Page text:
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I2C and SMBus
=============

I2C (pronounce: I squared C) is a protocol developed by Philips. It is a 
slow two-wire protocol (variable speed, up to 400 kHz), with a high speed
extension (3.4 MHz).  It provides an inexpensive bus for connecting many
types of devices with infrequent or low bandwidth communications needs.
I2C is widely used with embedded systems.  Some systems use variants that
don't meet branding requirements, and so are not advertised as being I2C.

SMBus (System Management Bus) is based on the I2C protocol, and is mostly
a subset of I2C protocols and signaling.  Many I2C devices will work on an
SMBus, but some SMBus protocols add semantics beyond what is required to
achieve I2C branding.  Modern PC mainboards rely on SMBus.  The most common
devices connected through SMBus are RAM modules configured using I2C EEPROMs,
and hardware monitoring chips.

Because the SMBus is mostly a subset of the generalized I2C bus, we can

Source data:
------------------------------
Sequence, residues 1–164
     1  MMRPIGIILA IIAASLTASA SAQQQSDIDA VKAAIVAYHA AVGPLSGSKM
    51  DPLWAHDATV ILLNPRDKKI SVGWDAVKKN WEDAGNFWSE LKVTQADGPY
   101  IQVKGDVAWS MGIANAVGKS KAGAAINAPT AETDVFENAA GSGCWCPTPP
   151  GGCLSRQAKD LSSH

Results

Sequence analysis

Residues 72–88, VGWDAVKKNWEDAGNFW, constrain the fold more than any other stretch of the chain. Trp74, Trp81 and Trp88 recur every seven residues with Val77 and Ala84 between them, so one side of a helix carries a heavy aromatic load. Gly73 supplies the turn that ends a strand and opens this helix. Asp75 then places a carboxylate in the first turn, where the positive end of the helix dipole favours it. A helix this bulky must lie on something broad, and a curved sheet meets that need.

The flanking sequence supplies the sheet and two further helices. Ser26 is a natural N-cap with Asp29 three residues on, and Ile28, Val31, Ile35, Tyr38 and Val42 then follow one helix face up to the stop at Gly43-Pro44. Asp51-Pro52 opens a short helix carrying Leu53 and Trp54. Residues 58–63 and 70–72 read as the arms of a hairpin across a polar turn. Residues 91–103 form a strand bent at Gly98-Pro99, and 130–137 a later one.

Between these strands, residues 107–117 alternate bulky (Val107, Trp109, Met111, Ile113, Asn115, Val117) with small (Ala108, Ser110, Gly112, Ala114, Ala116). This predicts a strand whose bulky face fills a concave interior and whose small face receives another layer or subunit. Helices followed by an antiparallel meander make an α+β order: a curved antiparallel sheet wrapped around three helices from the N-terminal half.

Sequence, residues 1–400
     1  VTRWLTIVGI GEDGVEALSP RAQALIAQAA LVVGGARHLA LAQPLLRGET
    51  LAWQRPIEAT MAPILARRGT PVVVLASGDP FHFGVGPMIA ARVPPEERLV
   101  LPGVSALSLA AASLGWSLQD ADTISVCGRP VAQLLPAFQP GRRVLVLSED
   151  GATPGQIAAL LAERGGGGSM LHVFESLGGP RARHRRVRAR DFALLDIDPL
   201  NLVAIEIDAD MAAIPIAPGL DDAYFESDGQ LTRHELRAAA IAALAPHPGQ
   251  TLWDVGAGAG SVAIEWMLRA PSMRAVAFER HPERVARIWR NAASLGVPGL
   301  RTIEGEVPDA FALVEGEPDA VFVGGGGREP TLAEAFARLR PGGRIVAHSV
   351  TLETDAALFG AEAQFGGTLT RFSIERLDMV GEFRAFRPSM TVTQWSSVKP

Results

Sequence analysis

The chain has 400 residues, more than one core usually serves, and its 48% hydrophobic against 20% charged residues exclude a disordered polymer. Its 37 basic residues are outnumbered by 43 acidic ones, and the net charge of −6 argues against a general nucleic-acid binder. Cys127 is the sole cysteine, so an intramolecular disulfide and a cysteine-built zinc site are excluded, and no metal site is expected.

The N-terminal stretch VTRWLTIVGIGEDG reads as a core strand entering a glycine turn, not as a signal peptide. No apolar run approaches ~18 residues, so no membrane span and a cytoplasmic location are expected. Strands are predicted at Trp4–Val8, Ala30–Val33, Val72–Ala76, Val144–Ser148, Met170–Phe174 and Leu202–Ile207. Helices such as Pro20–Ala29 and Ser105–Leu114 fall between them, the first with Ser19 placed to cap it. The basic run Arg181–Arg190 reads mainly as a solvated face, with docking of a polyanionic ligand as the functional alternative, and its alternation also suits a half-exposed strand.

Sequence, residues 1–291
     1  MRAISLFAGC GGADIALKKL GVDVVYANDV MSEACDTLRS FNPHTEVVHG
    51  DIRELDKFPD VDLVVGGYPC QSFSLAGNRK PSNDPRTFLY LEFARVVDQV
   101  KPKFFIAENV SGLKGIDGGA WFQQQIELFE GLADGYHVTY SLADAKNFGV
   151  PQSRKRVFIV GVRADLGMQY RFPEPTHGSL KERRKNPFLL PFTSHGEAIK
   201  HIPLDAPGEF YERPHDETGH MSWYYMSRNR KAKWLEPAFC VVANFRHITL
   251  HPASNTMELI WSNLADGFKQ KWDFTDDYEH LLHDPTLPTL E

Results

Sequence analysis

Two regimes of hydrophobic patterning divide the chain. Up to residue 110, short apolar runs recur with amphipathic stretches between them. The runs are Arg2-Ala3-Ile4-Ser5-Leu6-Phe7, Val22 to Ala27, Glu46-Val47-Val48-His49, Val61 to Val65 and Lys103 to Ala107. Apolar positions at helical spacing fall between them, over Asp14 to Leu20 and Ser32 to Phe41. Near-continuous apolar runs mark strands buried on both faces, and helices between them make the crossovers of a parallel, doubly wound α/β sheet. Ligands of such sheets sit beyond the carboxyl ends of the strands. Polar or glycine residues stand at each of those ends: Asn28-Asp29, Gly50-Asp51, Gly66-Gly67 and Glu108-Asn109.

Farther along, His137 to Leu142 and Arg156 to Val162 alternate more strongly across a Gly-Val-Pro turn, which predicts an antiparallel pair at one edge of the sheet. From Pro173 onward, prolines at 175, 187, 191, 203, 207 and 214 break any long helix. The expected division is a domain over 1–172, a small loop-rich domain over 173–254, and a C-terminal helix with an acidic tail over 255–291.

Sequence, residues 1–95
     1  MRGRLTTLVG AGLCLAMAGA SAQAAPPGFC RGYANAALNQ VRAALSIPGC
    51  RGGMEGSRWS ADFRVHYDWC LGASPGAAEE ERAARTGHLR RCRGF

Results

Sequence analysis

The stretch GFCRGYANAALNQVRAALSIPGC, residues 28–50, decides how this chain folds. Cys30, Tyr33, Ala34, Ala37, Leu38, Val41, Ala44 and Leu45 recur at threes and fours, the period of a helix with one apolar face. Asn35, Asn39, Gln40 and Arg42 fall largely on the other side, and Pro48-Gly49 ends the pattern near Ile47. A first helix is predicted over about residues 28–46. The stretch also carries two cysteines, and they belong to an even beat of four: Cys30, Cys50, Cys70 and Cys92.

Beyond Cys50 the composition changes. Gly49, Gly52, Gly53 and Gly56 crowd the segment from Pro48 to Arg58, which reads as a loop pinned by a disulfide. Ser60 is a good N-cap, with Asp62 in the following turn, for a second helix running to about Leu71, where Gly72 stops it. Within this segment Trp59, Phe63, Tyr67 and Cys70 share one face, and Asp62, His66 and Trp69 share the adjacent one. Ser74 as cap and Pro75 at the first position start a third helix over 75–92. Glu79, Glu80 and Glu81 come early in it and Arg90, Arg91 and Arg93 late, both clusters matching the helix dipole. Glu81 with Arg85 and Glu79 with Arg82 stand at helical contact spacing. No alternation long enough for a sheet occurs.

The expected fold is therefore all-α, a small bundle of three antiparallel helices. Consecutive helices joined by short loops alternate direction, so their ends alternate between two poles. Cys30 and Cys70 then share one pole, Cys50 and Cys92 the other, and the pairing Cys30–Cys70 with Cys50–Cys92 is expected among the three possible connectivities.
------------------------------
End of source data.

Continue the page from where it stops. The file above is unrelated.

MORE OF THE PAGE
use its protocols on many I2C systems.  However, there are systems that don't
meet both SMBus and I2C electrical constraints; and others which can't
implement all the common SMBus protocol semantics or messages.


Terminology
===========

When we talk about I2C, we use the following terms:
  Bus    -> Algorithm
            Adapter
  Device -> Driver
            Client

An Algorithm driver contains general code that can be used for a whole class
of I2C adapters. Each specific adapter driver either depends on one algorithm
driver, or includes its own implementation.

A Driver driver (yes, this sounds ridiculous, sorry) contains the general
code to access some type of device. Each detected device gets its own
data in the Client structure. Usually, Driver and Client are more closely
integrated than Algorithm and Adapter.

For a given configuration, you will need a driver for your I2C bus, and
drivers for your I2C devices (usually one driver for each device).

At this time, Linux only operates I2C (or SMBus) in master mode; you can't
use these APIs to make a Linux system behave as a slave/device, either to
speak a custom protocol or to emulate some other device.